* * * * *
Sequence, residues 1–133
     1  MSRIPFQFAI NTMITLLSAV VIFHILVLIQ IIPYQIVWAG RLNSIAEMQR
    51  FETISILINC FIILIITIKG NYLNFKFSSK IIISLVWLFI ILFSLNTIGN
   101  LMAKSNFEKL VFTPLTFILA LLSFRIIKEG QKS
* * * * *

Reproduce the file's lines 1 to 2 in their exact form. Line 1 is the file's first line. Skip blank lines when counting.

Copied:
Sequence, residues 1–133
     1  MSRIPFQFAI NTMITLLSAV VIFHILVLIQ IIPYQIVWAG RLNSIAEMQR